Whilst speaking at the Israel Bitcoin Summit earlier this week, cryptography pioneer Nick Szabo claimed that there’s a possibility that central banks may turn to cryptocurrency reserves as a supplement to gold reserves.
Szabo is a well known and well respected figure in the crypto community. Having graduated from the University of Washington with a computer science degree in 1989, Szabo started to work on the concept of meshing legal contract theory with emerging technology protocols. By 1996, he had coined the term ‘smart contract’ – a term that is ubiquitous in the world of cryptocurrency today.
Szabo was an early pioneer of digital money having designed a decentralized digital currency which he called Bit-gold. The currency was never implemented but is regarded as a precursor to the subsequent development of Bitcoin. This led to considerable speculation that he is the figure behind the introduction of Bitcoin – a claim that he subsequently denied.
In backing up his claim at the Tel Aviv based event, he suggested that one reason central banks may resort to holding crypto reserves is due to the fact that in many instances, a lack of trust exists between foreign banks or between governments:
“There’s going to be some situation where a central bank can’t trust a foreign central bank or government with their bonds for example.” . . .”One solution that’s been developed is to have the Swiss government hold it for you – that’s not a trust minimized solution. The Swiss government itself is subject to political pressures and so a more trust minimized solution is cryptocurrency.”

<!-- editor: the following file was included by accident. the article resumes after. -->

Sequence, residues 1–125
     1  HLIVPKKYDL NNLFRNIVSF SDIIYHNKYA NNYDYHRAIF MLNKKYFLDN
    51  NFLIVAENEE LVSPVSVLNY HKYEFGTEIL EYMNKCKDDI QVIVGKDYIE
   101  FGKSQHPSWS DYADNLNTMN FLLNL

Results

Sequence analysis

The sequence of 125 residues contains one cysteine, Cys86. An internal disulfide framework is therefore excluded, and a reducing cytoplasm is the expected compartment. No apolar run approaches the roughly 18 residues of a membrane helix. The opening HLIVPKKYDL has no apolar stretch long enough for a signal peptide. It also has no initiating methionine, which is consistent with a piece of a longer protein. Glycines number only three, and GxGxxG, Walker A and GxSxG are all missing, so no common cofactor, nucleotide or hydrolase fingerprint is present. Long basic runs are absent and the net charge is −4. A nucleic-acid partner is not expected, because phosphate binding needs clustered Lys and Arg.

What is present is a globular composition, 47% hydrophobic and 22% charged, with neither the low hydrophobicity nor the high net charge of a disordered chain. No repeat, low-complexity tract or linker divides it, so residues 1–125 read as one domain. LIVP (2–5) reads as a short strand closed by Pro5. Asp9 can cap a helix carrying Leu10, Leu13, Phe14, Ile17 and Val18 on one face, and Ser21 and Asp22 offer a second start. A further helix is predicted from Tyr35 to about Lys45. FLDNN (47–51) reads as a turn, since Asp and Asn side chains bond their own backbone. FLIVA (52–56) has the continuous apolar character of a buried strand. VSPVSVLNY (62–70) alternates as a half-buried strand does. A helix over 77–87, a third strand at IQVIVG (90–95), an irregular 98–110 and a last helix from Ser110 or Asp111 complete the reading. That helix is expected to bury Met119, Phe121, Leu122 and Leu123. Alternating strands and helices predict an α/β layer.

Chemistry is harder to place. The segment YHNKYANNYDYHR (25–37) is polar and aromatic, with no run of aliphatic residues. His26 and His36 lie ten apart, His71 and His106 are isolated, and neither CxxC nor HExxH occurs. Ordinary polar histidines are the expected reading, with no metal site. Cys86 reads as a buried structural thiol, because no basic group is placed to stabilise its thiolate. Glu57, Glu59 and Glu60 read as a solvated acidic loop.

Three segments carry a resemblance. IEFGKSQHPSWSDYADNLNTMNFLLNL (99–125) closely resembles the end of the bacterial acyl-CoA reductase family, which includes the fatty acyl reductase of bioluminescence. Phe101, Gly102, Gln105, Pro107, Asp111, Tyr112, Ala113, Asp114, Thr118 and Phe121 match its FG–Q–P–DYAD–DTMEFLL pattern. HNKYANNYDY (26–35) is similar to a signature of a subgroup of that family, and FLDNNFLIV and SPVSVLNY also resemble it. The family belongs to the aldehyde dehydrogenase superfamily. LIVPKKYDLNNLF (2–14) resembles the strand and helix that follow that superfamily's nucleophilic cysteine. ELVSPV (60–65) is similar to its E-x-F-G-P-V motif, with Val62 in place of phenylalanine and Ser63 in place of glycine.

His view is informed by the belief that gold reserves too incorporate a vulnerability:
“The other problem with gold reserves is that they’re physically vulnerable. When the Nazis conquered countries in Europe, the first place they went to was a central bank’s gold reserves.”
This is a view that’s shared by renowned economist, Paul Krugman – which is ironic to an extent as Krugman is a very strong critic of Bitcoin and cryptocurrency otherwise. At the ChainXchange Conference in Las Vegas last August, Krugman stated:
“Gold is dead. . .Bitcoin has more utility than gold.” . . .”There is some chance for Bitcoin to be valuable in the future.”
In his speech, Szabo also expressed the view that decentralized and censorship resistant cryptocurrencies are likely to see ever increasing usage in countries that suffer from hyperinflation and failed monetary policy – as well as those who become the subject of international trade sanctions.
In any given year, there seems to be a perennial list of countries that fall into this category. Currently, the stand out example is Venezuela which the IMF expected to hit an inflation rate of 1,000,000% by the end of 2018. In line with Szabo’s thinking, it is understood that the use of cryptocurrencies Bitcoin and Dash have increased in the crisis hit country.
In terms of trade sanctions, the Venezuelan government has turned to cryptocurrency in the form of their own national and centralized crypto, the Petro. This is not the decentralized and censorship resistant currency usage that Szabo refers to.
Notwithstanding that, Russia are also in the same boat with regard to sanctions. Speculation emerged this week – through the view expressed by a Russian economist – that Russia potentially may switch their cash reserves from dollars to Bitcoin.
It remains to be seen if any of the current sanctions hit nations or those suffering economically due to mismanagement will choose to follow a path towards greater cryptocurrency adoption. However, it is not far fetched to follow Szabo’s logic.
Over time, it’s likely that one government or other will opt for increased usage of cryptocurrency in an attempt to deal with the challenges that arise before them. The misfortune of one nation could result in a success for cryptocurrency, leading to ever greater usage.